Thank you, Liesa – I am trying to wrap my head around the concept, that’s what. It’s never really occurred to me to organize a pantry by meal. I’ve always done it ‘grocery store’ style – all the different beans here, all the different sauces there, etc. It makes a lot of sense to put together meals – at least upstairs where I’m going to cook them.

    I planted kale a couple years ago and it was a major fail around here, I think because I had no clue as to what I should do with it. I’m planting it again this year, and I have a list, partly thanks to you! If we still don’t like it, which I doubt, the rabbits will eat it just fine (we have a buck and two does). Thanks for all you do!

    Kris, I’m very intrigued by the idea of growing your own yeasts! Did you gather wild yeast for the start? How cool!

  5. Liesa Says:

    Kris I know exactly what I need to serve your family when we finally get together for dinner. Think of it this way, surely there was a time when spinach salads were unusual and look how that turned out:)
    Your adventures in natural yeast sound very interesting. Considering my baking track record, I should probably pass. Safety first!

    Laura, I know what you mean about the grocery store style. That was always the way I organized my cupboards, in the past. Setting up our top 30 meals, with all the dried, canned, or bottled ingredients grouped together, totally overcomes the common problem of cupboards full of food and still no idea what we should have for dinner. Believe me, when it comes to getting meals on the table I need all the help I can get. There was even a Better Homes and Garden article from a few years ago that suggested this very same thing, organizing your supplies, or at least most of them, according to how you cook promising, “quicker meals, easier prep, and smoother shopping.” And guess what? It really works!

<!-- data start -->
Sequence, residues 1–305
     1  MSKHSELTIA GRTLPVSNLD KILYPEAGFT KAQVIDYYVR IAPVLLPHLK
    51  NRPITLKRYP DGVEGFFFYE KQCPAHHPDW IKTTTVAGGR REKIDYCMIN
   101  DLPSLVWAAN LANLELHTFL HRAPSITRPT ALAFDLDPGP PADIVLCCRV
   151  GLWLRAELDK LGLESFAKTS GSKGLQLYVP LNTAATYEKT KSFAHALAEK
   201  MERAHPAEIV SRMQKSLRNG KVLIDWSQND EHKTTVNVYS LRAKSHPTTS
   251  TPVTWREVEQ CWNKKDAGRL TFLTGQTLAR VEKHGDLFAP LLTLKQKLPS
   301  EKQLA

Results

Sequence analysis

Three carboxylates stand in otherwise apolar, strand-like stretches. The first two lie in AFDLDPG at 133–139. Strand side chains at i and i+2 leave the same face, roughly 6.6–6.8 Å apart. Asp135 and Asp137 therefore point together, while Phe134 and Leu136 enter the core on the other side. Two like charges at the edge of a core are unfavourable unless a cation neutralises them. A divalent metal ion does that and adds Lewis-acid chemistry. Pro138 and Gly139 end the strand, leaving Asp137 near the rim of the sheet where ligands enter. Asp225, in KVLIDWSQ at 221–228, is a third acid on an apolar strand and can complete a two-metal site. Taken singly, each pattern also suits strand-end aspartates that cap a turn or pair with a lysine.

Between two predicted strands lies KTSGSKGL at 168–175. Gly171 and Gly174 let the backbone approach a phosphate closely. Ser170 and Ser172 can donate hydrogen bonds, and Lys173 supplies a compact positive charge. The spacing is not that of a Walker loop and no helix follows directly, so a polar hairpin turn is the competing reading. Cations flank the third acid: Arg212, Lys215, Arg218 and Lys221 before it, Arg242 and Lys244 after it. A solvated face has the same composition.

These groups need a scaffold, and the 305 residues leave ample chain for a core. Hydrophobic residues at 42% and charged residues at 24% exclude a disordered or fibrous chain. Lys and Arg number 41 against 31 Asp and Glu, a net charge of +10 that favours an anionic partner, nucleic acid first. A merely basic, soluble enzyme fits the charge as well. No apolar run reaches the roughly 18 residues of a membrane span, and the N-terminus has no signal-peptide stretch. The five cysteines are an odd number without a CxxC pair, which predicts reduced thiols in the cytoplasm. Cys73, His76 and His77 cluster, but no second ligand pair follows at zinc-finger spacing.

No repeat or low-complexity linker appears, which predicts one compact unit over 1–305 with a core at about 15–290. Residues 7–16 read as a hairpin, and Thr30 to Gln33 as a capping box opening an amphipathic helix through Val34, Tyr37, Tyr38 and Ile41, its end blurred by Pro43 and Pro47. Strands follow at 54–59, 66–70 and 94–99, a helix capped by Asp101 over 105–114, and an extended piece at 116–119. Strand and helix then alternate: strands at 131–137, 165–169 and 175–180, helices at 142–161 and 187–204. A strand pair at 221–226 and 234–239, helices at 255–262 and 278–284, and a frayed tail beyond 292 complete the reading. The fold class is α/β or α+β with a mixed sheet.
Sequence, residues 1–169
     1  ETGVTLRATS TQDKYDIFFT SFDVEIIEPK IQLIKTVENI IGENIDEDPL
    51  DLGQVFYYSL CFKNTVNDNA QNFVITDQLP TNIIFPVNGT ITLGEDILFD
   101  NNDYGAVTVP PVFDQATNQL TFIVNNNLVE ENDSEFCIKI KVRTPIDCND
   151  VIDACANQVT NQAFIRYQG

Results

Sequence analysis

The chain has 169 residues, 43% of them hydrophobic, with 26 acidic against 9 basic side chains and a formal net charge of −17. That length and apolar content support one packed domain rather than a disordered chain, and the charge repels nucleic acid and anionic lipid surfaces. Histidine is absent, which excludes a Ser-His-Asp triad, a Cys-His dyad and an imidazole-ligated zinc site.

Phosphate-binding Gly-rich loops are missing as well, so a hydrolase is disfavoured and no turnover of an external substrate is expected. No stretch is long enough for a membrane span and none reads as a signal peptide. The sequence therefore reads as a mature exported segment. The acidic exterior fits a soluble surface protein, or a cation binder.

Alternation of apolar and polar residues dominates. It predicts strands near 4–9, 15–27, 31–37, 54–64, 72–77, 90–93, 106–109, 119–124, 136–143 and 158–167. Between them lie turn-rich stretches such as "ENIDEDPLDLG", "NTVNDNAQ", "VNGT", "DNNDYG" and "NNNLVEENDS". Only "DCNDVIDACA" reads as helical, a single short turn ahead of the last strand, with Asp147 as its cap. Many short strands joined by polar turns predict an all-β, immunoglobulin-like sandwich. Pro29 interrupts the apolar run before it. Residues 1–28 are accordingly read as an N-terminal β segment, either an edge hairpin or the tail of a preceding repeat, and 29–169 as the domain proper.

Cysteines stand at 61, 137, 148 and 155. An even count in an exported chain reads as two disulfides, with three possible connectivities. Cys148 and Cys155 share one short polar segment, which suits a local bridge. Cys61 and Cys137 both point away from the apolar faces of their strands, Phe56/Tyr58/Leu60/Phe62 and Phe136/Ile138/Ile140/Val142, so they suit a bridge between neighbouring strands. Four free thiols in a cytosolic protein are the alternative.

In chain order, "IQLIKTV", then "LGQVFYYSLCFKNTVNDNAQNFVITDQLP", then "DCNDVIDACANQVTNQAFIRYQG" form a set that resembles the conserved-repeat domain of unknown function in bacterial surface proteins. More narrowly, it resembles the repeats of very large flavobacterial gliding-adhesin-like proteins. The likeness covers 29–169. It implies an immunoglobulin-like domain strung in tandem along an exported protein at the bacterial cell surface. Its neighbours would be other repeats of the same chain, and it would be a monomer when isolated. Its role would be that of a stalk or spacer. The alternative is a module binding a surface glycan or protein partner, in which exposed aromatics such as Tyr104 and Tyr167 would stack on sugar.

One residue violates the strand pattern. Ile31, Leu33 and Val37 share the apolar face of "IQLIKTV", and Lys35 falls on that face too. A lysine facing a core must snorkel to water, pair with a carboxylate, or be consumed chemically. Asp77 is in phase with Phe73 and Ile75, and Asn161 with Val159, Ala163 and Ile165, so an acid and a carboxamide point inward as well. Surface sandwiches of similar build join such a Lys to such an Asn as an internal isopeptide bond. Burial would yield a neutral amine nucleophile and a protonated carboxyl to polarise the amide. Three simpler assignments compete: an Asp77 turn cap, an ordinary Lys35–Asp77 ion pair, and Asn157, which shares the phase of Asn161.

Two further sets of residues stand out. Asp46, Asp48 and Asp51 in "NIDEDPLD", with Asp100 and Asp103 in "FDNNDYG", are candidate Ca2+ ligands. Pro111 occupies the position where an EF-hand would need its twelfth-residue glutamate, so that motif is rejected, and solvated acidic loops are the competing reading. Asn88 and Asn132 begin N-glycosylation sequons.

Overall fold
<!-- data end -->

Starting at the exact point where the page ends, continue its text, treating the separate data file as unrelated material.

Good luck with your kale. I would like to try growing some. The last bunch I bought was about the size of a typical clump of parsley and cost something like $2.89. Not cool.

  6. Laura at TenThingsFarm Says:

    It’s easy to grow. It even grows here, where it’s very dry, cool at night, all that. I didn’t have any trouble at all growing it, just didn’t know what to do with it when I picked it, so I cooked it and it was very, very bitter. (I think I let it get too big because I was not sure what to do with it, so I kept putting off picking it – kinda like that first year we raised our own turkey and kept putting off the *ahem* “harvest”, and ended up with a 43 pound dressed out bird.)

    Anyway…I wanted to say that just a few Kale seeds in the ground will give you a lot of Kale to eat. It’s pretty cold-hardy too, and will last longer than a lot of other grow-able stuff. It’s also pretty enough to tuck into a flower bed. Big green leafy is always nice in the flowers, don’t you think?

    I’m even trying collards this year. I sorta have to, because I joined a black church and when I said that I garden, everyone asked, ‘Do you raise collards?’, so now, yes, yes, I do. :) I want to make sure I have some to share!

  7. Liesa Says:

    Very encouraging information, Laura! So glad to know that kale is easy to grow, and that it’s better to harvest early rather than late. I hope to give it a try this summer. It’s snowing again:(